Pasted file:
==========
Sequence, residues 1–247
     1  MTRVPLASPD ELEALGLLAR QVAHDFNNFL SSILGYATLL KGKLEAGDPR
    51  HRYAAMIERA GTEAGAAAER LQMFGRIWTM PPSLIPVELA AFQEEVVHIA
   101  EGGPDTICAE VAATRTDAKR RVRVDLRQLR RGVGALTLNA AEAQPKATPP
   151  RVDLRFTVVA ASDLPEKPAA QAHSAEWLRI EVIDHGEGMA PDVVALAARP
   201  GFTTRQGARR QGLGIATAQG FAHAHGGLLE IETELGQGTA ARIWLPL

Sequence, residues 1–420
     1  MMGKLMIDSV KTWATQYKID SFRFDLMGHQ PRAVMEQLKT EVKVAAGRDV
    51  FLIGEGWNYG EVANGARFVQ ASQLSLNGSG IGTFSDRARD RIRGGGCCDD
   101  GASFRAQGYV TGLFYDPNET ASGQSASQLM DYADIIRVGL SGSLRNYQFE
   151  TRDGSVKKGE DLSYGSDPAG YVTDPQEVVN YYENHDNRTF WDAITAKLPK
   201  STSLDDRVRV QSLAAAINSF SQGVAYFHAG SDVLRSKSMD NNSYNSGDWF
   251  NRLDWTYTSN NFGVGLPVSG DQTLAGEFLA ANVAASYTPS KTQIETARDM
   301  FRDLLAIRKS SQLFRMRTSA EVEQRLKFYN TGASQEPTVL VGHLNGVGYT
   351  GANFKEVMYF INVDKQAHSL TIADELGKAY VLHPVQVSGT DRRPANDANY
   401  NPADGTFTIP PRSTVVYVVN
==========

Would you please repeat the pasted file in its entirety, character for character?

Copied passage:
Sequence, residues 1–247
     1  MTRVPLASPD ELEALGLLAR QVAHDFNNFL SSILGYATLL KGKLEAGDPR
    51  HRYAAMIERA GTEAGAAAER LQMFGRIWTM PPSLIPVELA AFQEEVVHIA
   101  EGGPDTICAE VAATRTDAKR RVRVDLRQLR RGVGALTLNA AEAQPKATPP
   151  RVDLRFTVVA ASDLPEKPAA QAHSAEWLRI EVIDHGEGMA PDVVALAARP
   201  GFTTRQGARR QGLGIATAQG FAHAHGGLLE IETELGQGTA ARIWLPL

Sequence, residues 1–420
     1  MMGKLMIDSV KTWATQYKID SFRFDLMGHQ PRAVMEQLKT EVKVAAGRDV
    51  FLIGEGWNYG EVANGARFVQ ASQLSLNGSG IGTFSDRARD RIRGGGCCDD
   101  GASFRAQGYV TGLFYDPNET ASGQSASQLM DYADIIRVGL SGSLRNYQFE
   151  TRDGSVKKGE DLSYGSDPAG YVTDPQEVVN YYENHDNRTF WDAITAKLPK
   201  STSLDDRVRV QSLAAAINSF SQGVAYFHAG SDVLRSKSMD NNSYNSGDWF
   251  NRLDWTYTSN NFGVGLPVSG DQTLAGEFLA ANVAASYTPS KTQIETARDM
   301  FRDLLAIRKS SQLFRMRTSA EVEQRLKFYN TGASQEPTVL VGHLNGVGYT
   351  GANFKEVMYF INVDKQAHSL TIADELGKAY VLHPVQVSGT DRRPANDANY
   401  NPADGTFTIP PRSTVVYVVN